I don't see it being much different here. We will talk about what could happen, the impacts if it did happen, a counterargument that it won't happen, then the realisation that it is already happening.

Good post Masher.

Articles in question:

So take the Sydney housing market for example - only one of the five economists predicted there would be a price drop, yet the price drop has been four times worse than that one persons worst case prediction.

Yep. Bank economists serving the 'creators of money' have had a tendency to be a little optimistic in Australia. Thank heaven we never had so much interest only debt, negative gearing and spruiking or we could suffer a similar fate. DFA are doing some really interesting stuff at the moment on NZ. Well worth a watch.

A very good watch indeed mate. Cheers!

41 auctions in 1day in a quiet market.... with clearance rates at a record low..

Running for the gates?

A bit of that, and a bit of the normal pre-xmas rush I think.

I'll go with 14 cleared

35% clearance rate

Okay, you and Zach both on 14 under the hammer.

Ok maybe a bit too optimistic, however it is supposed to be peak selling season and those that want to sell by xmas may reset their price expectations.

Maybe the USD as the worlds reserve currency is coming to a close?

Across the ditch, “The Reserve Bank of Australia has made a surprising admission that the crackdown on housing lending could crunch the economy, in what could be a hint that the bank will loosen up rules on investor lending.” -

I think the RBA realised they’ve backed themselves into an impossible position to escape from without some pain. Interesting to see how they try to play it out.

Pain - self inflicted or enforced - nether seems palatable but it will be a question of wait and see....

"Aha! The problem is, you see, that Australia’s economy is so tied up in construction. It is not that the housing market needs more homes. It’s that our economy can’t afford to stop building them. Not all at once anyway."

Agreed. Taking a step back further, how did housing and accordingly construction become the linchpin? If it’s not due to natural demand, who or what has created the artificial need?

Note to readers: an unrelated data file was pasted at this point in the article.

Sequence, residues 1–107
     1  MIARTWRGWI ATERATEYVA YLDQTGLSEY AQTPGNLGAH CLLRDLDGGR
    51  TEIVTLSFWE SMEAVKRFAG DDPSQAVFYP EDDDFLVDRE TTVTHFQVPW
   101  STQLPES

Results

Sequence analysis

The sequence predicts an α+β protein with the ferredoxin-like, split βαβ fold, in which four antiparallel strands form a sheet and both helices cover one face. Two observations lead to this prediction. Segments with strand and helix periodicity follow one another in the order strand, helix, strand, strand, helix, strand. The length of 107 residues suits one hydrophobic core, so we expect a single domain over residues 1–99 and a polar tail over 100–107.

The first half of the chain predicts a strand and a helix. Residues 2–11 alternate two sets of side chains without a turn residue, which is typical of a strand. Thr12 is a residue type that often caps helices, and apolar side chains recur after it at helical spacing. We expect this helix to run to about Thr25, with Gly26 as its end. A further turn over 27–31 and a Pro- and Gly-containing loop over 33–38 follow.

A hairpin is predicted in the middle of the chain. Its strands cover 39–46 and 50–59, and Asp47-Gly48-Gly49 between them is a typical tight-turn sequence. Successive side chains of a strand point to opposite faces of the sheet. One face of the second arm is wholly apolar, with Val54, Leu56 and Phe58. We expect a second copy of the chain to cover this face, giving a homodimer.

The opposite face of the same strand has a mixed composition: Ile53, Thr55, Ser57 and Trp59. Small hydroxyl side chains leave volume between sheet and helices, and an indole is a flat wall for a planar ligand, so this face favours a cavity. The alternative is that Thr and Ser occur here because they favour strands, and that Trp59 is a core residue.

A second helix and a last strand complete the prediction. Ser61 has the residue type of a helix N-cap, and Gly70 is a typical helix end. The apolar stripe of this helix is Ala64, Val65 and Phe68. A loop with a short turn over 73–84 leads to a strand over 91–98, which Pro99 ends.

Many for sale signs going up in our neck of the woods - hb's havelock north - a sought-after leafy suburb.


Avocados were formerly the nefarious cause of the housing crisis. But the conspiracy goes deeper. It's those damn leaves causing the issue.

Dollar leaves, indeed.

Leila - 97 I see on Looks like some seriously over leveraged people trying to keep up with the joneses driving there Remuera tractors . Another 450 sections coming on the market privately, and plenty of developers doing spec homes on carved off sloping sections miscalculating the true cost. Its going to be a blood bath soon.

Nic, I really think I have the upper hand now. I’m already planning on how I’m going to use that $10.


At 14,341 today .... this will need to be a big week I think, but I have a feeling the lead up to the summer hols could be different this year. If you were a seller today, seeing a market about capitulate, would you list now and try and beat the post summer holiday rush? Or wait until after Christmas when there will inevitably be lots and lots of sellers to compete with? Interesting times!.

Are you confusing me with Hardly??

Just typing too quickly whilst thinking about all that money I'm going to make off this bet!

15k by the end of Nov or Dec?

December 24th I think.

I agree Nic if I was a seller I would have got out a month or two ago. It’s going to be very bad in March.

Ever notice how little movement is needed in the market to turn everything into a crisis? Volatility hasn't really returned, this is nothing compared to what used to happen. It would be wise to invest in brown pants for the next 2-3 years.